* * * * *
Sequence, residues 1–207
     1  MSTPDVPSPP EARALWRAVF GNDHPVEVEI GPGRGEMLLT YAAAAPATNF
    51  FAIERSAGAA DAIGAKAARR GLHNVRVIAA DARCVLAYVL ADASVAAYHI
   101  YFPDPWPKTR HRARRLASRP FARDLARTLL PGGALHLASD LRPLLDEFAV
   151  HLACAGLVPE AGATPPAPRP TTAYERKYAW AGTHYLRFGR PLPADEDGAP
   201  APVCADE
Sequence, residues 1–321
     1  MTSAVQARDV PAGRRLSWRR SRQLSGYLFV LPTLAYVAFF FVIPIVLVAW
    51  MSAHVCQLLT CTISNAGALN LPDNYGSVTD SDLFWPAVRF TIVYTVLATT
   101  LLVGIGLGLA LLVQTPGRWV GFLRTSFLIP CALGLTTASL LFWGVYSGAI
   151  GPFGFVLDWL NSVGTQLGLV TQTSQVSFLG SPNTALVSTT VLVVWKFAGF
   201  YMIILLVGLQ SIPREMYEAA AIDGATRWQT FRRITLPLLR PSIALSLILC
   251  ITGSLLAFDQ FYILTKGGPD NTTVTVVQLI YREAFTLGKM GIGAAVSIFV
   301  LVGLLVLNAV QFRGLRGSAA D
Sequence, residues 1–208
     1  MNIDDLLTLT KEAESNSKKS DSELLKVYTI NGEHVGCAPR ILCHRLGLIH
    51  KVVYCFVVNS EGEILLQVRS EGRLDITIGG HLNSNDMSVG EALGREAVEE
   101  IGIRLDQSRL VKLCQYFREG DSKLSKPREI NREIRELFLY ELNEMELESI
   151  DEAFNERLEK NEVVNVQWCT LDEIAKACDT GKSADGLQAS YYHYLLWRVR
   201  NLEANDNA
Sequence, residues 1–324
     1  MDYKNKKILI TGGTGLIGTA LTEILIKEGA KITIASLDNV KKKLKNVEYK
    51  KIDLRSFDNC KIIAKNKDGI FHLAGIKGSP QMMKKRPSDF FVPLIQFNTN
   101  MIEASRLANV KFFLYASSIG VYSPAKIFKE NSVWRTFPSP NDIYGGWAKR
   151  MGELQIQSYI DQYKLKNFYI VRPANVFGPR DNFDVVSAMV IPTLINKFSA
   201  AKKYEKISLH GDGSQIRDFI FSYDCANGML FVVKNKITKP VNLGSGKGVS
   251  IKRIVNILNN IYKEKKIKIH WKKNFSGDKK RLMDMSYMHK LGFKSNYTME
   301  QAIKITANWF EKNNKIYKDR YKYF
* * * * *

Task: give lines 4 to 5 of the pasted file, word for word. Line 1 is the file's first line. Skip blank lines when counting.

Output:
   101  YFPDPWPKTR HRARRLASRP FARDLARTLL PGGALHLASD LRPLLDEFAV
   151  HLACAGLVPE AGATPPAPRP TTAYERKYAW AGTHYLRFGR PLPADEDGAP